Mediating a Car Insurance Claim Dispute

If you don’t want to spend a day in court with your insurance company, you could try to mediate your claim or take it up with an independent arbitrator.

The major difference between the two is that mediation is merely a suggestion and doesn’t have to be taken seriously where as arbitration is legally binding. Also, arbitration is more costly than mediation.

Before you consider either route, you should try to work things out between you and your insurance company. Send them a letter and cite and include any documents that you may need to support your argument. Make sure you keep your tone civil and polite so the car insurance company remains more likely to negotiate.

Should you not find any satisfaction with this route, it may be time to pursue mediation. Mediation is a good start towards a sensible resolution and is affordable for both sides. The mediator will work with both sides and try to arrive at an agreeable compromise. To start mediation, you will have to complete a Demand of Arbitration, which will give you a choice between mediation and arbitration. Remember that the mediator can only make suggestions and they are not legally binding.

If mediation doesn’t work, the next step is arbitration. Arbitration works similar to mediation in that both parties must agree to it but unlike mediation, arbitration is legally binding. It is usually a good idea to have an attorney present during arbitration and you should inform your insurance company of your intent to do so.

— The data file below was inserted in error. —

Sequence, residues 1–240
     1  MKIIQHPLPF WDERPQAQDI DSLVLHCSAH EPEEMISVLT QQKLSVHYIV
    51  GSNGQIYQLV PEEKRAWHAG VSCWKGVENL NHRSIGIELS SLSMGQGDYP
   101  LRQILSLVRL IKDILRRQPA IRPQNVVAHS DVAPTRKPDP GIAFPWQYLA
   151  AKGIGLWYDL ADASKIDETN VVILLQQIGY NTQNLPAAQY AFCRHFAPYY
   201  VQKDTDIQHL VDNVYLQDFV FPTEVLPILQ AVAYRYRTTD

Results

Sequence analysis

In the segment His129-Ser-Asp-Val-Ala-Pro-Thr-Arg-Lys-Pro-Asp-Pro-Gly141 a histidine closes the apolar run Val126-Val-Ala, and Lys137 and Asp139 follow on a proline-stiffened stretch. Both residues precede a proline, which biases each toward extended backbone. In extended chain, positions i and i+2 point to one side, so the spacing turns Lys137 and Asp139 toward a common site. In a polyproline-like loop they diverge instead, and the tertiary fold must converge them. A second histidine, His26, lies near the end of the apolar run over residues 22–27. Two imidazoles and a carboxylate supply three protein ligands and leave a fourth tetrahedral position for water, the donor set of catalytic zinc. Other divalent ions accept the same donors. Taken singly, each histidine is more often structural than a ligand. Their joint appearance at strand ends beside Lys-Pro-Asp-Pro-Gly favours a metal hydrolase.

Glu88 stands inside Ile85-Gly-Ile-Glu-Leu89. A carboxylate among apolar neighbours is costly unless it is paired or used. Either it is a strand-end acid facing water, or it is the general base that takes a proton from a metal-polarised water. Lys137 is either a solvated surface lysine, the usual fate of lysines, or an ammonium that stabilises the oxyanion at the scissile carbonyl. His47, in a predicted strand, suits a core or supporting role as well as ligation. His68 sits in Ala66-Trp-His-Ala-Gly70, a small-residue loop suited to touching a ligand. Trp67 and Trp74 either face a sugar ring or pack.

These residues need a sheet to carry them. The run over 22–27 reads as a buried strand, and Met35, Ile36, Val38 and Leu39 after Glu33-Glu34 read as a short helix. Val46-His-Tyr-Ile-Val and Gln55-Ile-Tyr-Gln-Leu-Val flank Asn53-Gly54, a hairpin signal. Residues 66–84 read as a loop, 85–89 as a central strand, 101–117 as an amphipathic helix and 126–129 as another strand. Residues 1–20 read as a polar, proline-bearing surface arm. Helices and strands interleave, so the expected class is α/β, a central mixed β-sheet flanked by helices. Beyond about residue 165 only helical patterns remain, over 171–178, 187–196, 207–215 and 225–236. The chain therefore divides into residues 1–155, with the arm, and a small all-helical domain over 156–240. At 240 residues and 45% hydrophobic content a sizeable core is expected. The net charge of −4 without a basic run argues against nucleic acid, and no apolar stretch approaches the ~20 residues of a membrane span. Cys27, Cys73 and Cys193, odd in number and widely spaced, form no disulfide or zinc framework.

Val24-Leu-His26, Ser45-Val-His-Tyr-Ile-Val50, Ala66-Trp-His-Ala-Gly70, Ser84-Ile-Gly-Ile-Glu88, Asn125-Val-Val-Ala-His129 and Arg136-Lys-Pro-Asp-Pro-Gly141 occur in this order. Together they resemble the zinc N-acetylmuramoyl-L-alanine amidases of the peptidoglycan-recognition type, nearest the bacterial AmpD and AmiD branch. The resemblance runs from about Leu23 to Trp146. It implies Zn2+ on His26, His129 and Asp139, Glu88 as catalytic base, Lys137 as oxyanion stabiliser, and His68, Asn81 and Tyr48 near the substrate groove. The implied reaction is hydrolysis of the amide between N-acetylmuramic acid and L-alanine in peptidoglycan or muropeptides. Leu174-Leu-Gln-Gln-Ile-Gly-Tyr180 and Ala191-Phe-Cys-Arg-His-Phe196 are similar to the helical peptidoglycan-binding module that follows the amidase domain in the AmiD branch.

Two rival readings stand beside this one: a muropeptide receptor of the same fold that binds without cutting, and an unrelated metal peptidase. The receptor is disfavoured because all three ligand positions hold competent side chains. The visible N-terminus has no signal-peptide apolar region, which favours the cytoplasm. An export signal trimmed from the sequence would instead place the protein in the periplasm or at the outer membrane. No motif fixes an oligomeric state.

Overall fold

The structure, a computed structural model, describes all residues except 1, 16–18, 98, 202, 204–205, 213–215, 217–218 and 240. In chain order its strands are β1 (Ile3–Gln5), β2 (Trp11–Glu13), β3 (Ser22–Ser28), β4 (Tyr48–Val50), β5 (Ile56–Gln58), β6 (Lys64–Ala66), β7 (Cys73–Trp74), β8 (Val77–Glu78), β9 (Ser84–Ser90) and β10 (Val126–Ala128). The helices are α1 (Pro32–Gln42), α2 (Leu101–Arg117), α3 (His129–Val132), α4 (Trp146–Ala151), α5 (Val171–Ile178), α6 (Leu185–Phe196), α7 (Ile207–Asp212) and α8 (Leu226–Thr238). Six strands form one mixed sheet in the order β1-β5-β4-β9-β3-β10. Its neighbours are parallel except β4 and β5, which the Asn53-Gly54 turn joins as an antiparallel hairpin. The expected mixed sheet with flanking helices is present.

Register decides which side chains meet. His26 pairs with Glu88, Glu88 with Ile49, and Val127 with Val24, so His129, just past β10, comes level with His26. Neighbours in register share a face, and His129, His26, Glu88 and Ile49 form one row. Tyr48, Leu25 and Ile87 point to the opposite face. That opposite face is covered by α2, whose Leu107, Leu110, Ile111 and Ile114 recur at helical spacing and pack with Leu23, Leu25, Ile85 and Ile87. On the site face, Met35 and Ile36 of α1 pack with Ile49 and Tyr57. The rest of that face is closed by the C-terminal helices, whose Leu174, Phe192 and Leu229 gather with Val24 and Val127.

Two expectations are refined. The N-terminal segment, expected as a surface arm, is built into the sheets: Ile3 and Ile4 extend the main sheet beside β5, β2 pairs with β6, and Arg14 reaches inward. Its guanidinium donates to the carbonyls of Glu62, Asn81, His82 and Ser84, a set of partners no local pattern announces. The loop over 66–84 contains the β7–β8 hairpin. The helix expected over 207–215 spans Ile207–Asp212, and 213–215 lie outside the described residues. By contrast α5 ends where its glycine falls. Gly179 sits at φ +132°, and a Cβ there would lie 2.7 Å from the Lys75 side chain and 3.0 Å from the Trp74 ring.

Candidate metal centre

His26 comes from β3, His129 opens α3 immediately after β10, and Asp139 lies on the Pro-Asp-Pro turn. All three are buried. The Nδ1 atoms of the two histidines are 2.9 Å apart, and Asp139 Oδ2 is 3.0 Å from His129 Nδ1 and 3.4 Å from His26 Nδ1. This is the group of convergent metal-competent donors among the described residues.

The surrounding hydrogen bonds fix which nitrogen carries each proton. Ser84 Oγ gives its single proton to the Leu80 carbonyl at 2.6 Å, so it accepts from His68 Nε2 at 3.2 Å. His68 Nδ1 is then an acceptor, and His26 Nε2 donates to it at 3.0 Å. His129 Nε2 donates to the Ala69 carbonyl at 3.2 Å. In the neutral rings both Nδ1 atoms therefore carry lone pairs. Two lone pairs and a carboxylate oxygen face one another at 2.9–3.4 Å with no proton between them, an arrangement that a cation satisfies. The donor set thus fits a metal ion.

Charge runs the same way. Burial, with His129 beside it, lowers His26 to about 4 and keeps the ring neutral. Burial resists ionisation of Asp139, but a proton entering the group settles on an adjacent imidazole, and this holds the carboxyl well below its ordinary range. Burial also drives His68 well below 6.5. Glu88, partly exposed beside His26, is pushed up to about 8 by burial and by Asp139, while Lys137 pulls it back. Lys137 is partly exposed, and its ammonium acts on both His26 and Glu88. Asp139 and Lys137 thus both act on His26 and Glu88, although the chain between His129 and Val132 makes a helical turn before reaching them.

Arbitration is very similar to a court hearing. Both sides will be required to present their case and call witnesses. An arbitrator has significant power being able to subpoena documents and witnesses, gather evidence in a case, and even create or extend a deadline in necessary. They can certainly establish that you entitled to certain monies but it won’t be more than the policy allows. If you come to an agreement with your insurance company before the deadline, you can submit that in lieu of a final ruling from the arbitrator.

Once the arbitrator reaches an acceptable decision, it will be final with no further recourse so make sure you have your case prepared before your case is heard. Keep in mind that arbitrations are a powerful tool just slightly removed from a court case. The key difference is that your expenses while sizable will be significantly less than if you were to actually go to trial, which can be formidably expensive. Hiring a lawyer will increase the cost of arbitration, but it will still be far less than if it has to go to court.